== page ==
The first type is known as Insider Dealing – this is where an attempt or dealing is done on the basis of inside information. Insider dealing is one of the many illegal offences where employees of a company may have used confidential information for their own gain. However the insider does not have to work for the company. The second Improper Disclosure of inside information – this is where an insider discloses inside information to another person. (Outsider) An example may be where an employee at his company is sure of a takeover bid. Before a bid is put forward, the employee buys shares in the company. Then this information is disclosed to a close friend before being made publically addressed. This sort of behaviour creates an unfair market place. However if the person selling the shares had known about the takeover bid then it can be argued that the shares would have even be sold. Both the buyer and the friend may unlawfully profit from such a move. However both the friend and the insider are to be deemed guilty. An illustration of such behaviours can be seen in the case of Anil Kumar, a former director of global management consulting firm Mc Kinsey, Mr Kumar had pleaded guilty on supplying information to Mr Raj Rajaratnam who had discretely paid Mr Kumar 1.6 million for the inside market information.
The third type of behaviour is the Misuse of information – this is the behaviour that is based on information not generally available to those using the market but more likely to be seen by the regular users as relevant when deciding the terms on which transactions in investments should be made and are likely to be seen by regular users as below reasonable or acceptable standards. If an employee sell’s the shares owned by gaining knowledge that the employer may lose a significant contract with its main customer then this can be seen as an unfair market place. The fact the buyer of the shares would not have known about the loss of contract it can be expressed that buyer may not have bought the shares in the first place. Jonathan Malins finance director of AIM Company Cambrian Mining had chaired a meeting to approve share pricing at a reasonable premium to the market. However Malins bought shares that afternoon for his own account at a cheaper rate. This had been done an hour before the share prices had been announced. Malins had repeated the same procedure one week later, making a profit of £6400. However in December 2005 Malins had been fined £25,000 by the FSA for the misuse of information.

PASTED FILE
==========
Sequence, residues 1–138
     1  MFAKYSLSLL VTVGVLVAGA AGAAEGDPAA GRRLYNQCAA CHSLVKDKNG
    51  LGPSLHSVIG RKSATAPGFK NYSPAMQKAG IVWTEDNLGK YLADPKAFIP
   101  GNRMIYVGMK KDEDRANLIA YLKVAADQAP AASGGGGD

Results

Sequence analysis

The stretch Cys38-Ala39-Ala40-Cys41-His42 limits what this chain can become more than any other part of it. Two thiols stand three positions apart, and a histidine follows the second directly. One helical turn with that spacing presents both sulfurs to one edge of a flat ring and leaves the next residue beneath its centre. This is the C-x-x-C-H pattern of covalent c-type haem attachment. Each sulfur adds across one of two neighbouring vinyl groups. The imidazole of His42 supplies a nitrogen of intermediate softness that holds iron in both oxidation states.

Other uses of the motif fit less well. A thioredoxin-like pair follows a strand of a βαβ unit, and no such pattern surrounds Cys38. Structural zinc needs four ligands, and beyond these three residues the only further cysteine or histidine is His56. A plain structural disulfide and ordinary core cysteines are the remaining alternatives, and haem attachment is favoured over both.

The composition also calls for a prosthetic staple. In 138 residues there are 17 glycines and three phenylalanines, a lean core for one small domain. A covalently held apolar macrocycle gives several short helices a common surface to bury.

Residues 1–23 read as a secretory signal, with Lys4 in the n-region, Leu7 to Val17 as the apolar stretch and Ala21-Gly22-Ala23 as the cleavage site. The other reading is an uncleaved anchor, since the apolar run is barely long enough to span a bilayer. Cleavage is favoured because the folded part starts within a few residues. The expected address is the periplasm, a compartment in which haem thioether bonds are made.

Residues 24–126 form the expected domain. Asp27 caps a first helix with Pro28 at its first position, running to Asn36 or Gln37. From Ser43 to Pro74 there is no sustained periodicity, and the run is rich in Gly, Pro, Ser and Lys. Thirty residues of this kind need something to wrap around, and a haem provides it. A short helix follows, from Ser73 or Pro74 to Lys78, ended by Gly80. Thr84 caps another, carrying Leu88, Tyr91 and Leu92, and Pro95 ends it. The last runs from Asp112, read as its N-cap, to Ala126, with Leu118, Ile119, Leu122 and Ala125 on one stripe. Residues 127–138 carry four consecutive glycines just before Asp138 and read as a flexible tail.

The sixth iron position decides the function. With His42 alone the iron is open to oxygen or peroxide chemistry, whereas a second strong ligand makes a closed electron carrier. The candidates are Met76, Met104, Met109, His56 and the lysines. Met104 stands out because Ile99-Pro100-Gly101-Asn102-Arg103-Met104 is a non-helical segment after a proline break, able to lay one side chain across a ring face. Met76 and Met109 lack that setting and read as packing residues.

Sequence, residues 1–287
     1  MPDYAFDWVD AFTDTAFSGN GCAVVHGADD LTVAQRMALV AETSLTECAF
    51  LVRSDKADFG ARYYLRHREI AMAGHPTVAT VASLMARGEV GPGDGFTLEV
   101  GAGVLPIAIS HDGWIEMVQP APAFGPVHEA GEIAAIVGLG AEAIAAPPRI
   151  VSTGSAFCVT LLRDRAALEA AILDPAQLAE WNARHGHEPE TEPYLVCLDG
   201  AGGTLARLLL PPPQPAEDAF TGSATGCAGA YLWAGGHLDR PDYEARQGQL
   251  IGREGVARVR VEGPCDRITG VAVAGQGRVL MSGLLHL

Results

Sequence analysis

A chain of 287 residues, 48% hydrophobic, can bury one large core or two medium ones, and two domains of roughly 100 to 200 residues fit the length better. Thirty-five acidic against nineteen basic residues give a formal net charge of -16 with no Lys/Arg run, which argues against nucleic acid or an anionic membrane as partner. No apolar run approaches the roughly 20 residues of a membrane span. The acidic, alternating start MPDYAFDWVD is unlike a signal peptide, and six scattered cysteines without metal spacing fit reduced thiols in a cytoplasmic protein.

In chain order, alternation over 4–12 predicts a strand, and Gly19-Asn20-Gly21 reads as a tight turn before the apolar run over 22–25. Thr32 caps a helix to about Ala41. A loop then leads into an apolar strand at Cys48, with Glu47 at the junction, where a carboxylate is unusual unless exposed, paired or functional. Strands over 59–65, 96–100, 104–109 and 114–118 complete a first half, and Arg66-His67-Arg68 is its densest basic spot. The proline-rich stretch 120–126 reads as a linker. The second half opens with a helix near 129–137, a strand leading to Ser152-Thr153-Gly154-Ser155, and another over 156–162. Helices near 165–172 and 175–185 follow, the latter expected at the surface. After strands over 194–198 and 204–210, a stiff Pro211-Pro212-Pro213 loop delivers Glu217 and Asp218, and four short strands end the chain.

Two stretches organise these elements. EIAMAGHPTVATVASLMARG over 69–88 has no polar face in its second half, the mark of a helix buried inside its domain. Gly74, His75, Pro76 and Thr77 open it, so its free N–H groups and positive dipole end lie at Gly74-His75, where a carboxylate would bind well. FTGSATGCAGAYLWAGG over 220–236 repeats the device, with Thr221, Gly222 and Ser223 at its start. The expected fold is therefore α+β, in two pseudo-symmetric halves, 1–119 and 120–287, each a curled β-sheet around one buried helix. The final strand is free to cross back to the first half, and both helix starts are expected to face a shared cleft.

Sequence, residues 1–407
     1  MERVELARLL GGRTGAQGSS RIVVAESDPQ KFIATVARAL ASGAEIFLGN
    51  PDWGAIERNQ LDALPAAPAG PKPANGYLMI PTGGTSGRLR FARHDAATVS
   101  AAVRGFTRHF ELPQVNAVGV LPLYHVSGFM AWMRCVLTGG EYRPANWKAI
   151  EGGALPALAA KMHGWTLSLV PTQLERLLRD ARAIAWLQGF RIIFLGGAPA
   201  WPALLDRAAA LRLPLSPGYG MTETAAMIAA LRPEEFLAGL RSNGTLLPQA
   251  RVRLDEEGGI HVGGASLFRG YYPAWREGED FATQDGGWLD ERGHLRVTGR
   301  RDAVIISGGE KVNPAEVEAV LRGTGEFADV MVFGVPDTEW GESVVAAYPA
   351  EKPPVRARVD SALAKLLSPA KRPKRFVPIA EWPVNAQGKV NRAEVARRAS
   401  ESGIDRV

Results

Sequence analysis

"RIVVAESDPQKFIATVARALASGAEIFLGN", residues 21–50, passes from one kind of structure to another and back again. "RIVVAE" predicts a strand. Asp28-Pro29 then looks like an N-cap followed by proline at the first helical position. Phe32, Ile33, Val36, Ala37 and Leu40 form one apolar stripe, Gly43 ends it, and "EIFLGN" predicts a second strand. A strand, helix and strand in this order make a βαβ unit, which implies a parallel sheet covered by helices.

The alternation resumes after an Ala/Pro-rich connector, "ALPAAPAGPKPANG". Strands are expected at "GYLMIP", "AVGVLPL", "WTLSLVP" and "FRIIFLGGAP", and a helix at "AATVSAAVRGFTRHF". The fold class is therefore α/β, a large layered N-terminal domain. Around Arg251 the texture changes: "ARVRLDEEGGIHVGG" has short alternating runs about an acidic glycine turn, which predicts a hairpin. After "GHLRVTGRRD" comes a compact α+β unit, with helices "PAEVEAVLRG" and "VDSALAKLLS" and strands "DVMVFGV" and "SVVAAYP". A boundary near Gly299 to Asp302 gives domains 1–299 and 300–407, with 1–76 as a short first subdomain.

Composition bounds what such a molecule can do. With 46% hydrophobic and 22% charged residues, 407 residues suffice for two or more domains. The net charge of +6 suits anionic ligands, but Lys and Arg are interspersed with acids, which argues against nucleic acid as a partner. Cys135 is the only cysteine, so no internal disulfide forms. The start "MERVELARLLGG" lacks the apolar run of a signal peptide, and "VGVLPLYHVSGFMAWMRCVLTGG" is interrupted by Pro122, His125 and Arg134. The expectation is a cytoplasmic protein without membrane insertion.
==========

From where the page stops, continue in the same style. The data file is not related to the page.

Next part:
Another big behaviour is Manipulating Transaction – this is where employees participate in transactions or orders to the trade and give false or misleading impressions either about the supply price or to secure an investment that is deemed as a fake or non natural level. The fifth type of behaviour is Manipulating devices – participating in transactions or orders to trade that employ fictitious devices or any other form of deception or contrivance. This is where an employee is buying shares and then spreading misleading information with a view to increasing the price. This could give investors a false impression of the price of a share and lead them to make the wrong investment decisions. One of the largest cases in history involving manipulating transactions was Shell who had been fined 17 million by the FSA.
The sixth type of behaviour involves the Disseminating information likely to give a false or misleading impression – meaning an act done where false information may be spread in order to mislead others. An employee posting false information about take an imminent takeover bid on the internet on personal social websites for example. Although the person knows the information is fake and not true, this may result in people making incorrect investment decisions.